Quality of Life for Youth With Persistent Postconcussive Symptoms Following Mild Traumatic Brain Injury

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Abstract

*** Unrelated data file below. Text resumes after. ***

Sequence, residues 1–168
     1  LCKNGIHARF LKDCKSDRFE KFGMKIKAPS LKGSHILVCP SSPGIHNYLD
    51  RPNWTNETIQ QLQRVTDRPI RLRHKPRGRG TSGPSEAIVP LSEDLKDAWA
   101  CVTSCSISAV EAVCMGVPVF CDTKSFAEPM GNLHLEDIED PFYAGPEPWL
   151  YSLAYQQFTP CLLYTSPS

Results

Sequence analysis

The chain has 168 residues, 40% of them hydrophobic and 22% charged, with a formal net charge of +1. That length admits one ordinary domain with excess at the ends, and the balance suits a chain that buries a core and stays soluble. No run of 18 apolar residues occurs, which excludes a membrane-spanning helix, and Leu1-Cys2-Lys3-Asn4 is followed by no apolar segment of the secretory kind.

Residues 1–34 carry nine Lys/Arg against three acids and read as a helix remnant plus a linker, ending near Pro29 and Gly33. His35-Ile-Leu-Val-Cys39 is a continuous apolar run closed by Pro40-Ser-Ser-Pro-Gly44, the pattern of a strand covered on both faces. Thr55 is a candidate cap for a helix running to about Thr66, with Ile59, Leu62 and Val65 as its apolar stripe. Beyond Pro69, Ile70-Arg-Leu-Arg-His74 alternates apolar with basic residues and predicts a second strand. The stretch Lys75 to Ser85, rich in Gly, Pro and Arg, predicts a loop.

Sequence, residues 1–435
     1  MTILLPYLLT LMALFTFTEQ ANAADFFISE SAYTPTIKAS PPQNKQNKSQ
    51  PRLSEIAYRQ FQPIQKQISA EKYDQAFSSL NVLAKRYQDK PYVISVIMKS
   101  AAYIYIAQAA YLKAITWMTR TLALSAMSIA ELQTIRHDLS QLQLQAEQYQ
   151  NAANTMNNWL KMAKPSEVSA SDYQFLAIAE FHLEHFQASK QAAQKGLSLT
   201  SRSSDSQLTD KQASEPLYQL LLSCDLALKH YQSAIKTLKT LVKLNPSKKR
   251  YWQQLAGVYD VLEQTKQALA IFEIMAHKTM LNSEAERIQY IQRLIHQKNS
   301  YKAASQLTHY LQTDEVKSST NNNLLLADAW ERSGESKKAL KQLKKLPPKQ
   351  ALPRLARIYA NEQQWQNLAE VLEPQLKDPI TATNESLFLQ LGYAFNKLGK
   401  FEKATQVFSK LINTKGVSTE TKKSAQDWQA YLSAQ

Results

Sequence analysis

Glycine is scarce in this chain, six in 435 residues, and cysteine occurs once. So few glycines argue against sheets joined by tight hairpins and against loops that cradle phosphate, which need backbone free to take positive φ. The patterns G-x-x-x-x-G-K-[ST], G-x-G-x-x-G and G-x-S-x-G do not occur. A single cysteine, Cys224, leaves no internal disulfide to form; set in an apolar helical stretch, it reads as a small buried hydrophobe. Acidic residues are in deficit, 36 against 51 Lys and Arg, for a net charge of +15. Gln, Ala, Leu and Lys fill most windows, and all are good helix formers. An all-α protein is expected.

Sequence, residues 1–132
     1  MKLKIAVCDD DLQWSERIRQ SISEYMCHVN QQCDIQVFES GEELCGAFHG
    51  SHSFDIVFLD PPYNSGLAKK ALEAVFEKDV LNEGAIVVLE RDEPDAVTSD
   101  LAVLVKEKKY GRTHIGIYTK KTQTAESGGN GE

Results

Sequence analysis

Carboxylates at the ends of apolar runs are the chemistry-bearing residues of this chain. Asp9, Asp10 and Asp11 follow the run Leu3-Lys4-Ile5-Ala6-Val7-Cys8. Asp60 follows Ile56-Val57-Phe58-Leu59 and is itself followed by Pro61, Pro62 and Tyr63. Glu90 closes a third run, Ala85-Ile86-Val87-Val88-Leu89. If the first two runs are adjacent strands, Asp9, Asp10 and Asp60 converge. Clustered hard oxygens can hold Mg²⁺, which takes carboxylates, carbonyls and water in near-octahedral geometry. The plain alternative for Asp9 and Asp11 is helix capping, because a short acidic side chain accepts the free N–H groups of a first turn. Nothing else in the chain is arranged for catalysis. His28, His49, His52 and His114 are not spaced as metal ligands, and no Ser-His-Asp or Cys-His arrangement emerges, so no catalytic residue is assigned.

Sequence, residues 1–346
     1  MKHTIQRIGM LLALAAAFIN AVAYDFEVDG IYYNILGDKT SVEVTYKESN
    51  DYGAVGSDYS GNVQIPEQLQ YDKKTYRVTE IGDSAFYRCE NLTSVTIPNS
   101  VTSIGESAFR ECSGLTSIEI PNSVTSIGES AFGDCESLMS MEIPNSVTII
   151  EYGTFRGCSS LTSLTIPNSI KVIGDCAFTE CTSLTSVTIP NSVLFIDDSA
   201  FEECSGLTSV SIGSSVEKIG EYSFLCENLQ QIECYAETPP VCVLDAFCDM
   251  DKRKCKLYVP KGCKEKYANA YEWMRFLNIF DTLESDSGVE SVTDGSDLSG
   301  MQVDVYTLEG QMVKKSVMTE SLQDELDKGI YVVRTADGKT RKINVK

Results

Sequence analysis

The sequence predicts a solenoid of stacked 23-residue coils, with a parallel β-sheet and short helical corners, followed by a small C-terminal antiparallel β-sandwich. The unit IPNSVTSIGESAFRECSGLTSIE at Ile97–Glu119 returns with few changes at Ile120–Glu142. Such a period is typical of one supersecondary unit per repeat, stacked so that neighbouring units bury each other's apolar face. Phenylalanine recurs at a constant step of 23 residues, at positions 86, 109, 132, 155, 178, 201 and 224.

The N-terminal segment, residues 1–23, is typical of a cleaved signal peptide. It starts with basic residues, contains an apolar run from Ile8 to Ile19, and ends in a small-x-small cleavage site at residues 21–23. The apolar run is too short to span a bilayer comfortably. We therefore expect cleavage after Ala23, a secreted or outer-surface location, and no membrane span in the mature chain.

The primary aim of this study was to characterize parent- and youth-reported health-related quality of life (HRQOL) for youth experiencing persistent symptoms following mild traumatic brain injury (mTBI). The youth in the current study were participating in a longitudinal project examining neuropsychological consultation as an intervention for persistent symptoms after mTBI. Participants included 71 youth aged 8 to17 years old who had sustained mild head injuries 2 to 12 months prior to enrollment and who were referred clinically to an outpatient pediatric concussion program because of concerns about persistent problems. Parents and children completed the PedsQL over the phone at the time of enrollment. Child- and parent-reported HRQOL was significantly worse than for other pediatric populations with a variety of chronic health conditions. HRQOL was not associated with injury-related factors. One important novel finding was that families involved in litigation reported significantly lower HRQOL than families not involved in litigation. Providers would benefit from screening for involvement in litigation early on. Children who experience persistent symptomatology and impaired functioning following mTBI are likely to benefit most from early intervention and reassurance de-emphasizing injury-related factors and focusing on cognitive–behavioral treatment aimed at improving adaptive coping, pain management, and stress reduction.

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